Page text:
I awoke late, the boy rousing another two hours later. That scuppered our plans a little, but we are on holiday!
We headed back to Ueno Park where there was definitely more of a party atmosphere on this Tuesday afternoon: groups of all ages chatting and eating under the canopy of blossom trees. It's not as romantic as depicted in the old silk paintings we saw in the Museum of Tokyo, but the cherry blossom still draws the crowds.
The Museum of Tokyo is a majestic building, housing many of Japan's national treasures. We only had time to look at a small section, but luckily they cater for time-poor tourists and the main gallery is designed in such a way to give a tour of the highlights in two hours. This allowed us to see some ancient Japanese art, wood carvings, ceramics, and kimonos. Not bad at all!
We were almost last to leave, and headed to Shibuya to capture the mayhem on what is deemed to be the world's busiest pedestrian crossing: think of an upscaled version of Oxford Circus.
Next stop was Shinjuki - where we thought we were the night before! We asked around and got to the Yodabashi camera store - each floor was dedicated to some kind of photographic paraphenalia such as bags (I have never seen so many), tripods or chemicals. Across the street was the film store: a beautiful sight. Sadly they don't stock infrared film which I had hoped to pick up.
We had worked up an appetite and set our way to finding Nagi, a recommended eatery in Shinjuku. Although we've got to grips with the metro system, street level is still a challenge. There is not a lot in the way of street names and the map we were following was fine, until we got within a hundred metres of the place. We went around in circles and couldn't quite work out what kind of area we were in - think Blade Runner with less steam.
We managed to ask someone about Nagi, and low and behold it was about 15 metres from where we were standing! An unassuming doorway with a steep flight of steps going up signified we were in the right place, but we had to wait in the narrow side-alley as about seven people were inline ahead of us. Intriguing! After about twenty minutes we were told to follow a lady in kitchen attire up the steps, and were indicated to pay for our food from a vending machine! There were essentially two choices: regular Ramen and special ramen. You could then add a few extras such as boiled egg or chilli. We paid for two regular Ramen and a beer, handed in our receipts and took a high-stool at the 'bar'. Nagi is tiny and can cater for ten people in total. Every bit of space has been utilised with boxes of tissues suspended from wires and a counter, one foot deep to rest your bowls and drinks. Two people cook up a noodle storm from behind the bar and present steaming bowls of ramen within minutes.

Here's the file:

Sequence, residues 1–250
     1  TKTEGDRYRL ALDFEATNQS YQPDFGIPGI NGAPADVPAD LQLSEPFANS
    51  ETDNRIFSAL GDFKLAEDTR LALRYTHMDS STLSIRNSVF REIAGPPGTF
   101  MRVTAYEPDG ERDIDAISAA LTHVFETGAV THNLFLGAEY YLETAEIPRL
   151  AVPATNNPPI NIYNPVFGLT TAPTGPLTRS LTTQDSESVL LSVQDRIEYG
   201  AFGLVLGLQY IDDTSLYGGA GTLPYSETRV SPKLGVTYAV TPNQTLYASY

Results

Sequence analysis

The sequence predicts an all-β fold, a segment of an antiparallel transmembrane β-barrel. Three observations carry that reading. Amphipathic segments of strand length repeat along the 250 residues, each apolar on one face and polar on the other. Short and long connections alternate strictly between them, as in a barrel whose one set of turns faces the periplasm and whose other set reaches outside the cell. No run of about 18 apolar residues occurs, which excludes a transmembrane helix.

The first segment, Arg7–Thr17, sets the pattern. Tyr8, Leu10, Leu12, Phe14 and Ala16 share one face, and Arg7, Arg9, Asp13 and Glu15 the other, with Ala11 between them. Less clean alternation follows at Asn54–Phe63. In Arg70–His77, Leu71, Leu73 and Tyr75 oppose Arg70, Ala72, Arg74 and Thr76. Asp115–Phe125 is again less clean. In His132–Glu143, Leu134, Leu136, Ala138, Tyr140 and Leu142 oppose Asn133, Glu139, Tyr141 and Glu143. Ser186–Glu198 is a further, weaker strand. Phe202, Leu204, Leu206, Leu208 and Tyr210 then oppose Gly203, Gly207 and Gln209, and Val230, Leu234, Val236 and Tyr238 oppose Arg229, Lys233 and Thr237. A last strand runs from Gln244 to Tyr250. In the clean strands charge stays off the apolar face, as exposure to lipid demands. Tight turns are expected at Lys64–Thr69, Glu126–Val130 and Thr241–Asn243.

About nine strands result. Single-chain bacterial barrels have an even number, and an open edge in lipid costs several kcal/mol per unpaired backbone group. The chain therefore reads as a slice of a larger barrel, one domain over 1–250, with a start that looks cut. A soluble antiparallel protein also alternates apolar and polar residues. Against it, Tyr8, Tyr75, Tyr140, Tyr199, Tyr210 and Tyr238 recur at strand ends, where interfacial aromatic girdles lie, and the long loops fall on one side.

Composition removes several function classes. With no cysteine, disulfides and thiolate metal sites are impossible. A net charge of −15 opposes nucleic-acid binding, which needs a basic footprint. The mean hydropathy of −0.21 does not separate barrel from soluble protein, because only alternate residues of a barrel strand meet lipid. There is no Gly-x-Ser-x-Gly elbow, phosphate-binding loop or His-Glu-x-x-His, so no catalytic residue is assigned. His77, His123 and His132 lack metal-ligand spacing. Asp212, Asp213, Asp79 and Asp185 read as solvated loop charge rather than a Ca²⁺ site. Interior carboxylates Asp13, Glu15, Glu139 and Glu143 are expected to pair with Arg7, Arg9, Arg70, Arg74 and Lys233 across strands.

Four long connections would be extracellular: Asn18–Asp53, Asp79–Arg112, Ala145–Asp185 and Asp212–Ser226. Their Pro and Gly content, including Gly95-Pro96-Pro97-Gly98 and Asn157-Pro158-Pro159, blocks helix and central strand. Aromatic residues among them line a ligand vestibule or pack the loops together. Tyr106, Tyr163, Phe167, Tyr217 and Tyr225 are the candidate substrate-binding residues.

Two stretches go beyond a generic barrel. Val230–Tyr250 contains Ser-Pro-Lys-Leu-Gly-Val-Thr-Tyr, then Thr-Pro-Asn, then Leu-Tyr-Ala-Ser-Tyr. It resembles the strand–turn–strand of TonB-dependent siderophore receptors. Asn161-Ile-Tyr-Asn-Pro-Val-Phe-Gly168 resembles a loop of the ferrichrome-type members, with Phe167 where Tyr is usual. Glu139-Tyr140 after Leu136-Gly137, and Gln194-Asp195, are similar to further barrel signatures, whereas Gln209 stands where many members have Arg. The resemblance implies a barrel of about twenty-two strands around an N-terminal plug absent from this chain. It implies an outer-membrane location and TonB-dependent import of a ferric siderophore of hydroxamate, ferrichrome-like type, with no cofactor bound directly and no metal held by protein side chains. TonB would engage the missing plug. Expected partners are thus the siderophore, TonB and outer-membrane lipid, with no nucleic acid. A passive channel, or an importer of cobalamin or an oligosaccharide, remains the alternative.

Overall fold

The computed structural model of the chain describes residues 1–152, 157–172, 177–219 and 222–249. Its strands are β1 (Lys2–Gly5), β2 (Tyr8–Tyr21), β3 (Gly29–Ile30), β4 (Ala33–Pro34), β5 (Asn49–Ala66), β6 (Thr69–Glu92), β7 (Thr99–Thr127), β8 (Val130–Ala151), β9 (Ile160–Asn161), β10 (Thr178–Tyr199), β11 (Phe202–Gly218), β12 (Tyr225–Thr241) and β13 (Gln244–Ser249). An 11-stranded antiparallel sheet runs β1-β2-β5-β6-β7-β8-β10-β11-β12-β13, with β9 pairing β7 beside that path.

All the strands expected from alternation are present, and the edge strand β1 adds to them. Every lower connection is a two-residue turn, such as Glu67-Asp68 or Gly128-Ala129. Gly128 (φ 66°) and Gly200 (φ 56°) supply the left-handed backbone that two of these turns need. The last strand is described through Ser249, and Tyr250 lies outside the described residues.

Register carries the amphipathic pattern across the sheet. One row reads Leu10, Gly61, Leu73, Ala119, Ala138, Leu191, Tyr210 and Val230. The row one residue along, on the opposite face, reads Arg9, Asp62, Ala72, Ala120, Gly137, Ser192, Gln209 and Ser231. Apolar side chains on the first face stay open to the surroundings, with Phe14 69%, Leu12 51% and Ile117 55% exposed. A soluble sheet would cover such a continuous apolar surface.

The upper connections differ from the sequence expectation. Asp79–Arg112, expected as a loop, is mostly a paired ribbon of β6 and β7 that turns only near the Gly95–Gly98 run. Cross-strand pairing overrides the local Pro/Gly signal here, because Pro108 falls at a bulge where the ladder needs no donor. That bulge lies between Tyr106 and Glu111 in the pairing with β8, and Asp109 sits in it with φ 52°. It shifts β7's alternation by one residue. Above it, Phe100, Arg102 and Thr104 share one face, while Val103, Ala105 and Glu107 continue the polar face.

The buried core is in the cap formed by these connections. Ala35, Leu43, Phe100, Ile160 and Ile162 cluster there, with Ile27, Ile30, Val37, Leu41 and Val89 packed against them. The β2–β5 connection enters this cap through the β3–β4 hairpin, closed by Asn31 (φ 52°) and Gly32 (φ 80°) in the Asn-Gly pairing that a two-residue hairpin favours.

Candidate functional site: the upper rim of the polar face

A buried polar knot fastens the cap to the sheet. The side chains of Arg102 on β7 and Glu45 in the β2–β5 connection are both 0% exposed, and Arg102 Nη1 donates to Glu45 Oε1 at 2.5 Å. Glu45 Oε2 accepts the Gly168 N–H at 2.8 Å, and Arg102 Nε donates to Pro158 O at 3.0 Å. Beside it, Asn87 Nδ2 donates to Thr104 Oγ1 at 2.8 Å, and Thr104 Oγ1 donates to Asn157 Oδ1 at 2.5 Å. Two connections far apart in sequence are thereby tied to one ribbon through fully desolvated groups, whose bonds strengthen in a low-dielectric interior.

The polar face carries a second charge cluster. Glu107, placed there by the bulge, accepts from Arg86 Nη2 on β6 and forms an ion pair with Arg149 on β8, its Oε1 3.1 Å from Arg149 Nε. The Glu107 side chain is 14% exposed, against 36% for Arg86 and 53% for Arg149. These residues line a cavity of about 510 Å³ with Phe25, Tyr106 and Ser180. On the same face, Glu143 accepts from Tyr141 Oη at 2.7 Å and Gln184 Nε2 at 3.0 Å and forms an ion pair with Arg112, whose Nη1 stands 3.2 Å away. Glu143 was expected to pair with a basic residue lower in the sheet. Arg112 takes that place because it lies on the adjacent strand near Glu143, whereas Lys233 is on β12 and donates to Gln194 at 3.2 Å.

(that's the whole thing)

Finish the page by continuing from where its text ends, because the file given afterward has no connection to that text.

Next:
Turns out Nagi is situated in the Golden Gai area of Shinjuku, which is a labyrinth of teeny-tiny bars, previously home to ladies of the night. We walked past one doorway, where the clientele of three looked snug. According to Lonely Planet, the 'eccentric masters and mamas' who run them have managed to stave off development in this hub of Bohemia.
We made our way back through the booming streets and stepped on the train at Shinjuku for a somewhat convuluted ride home.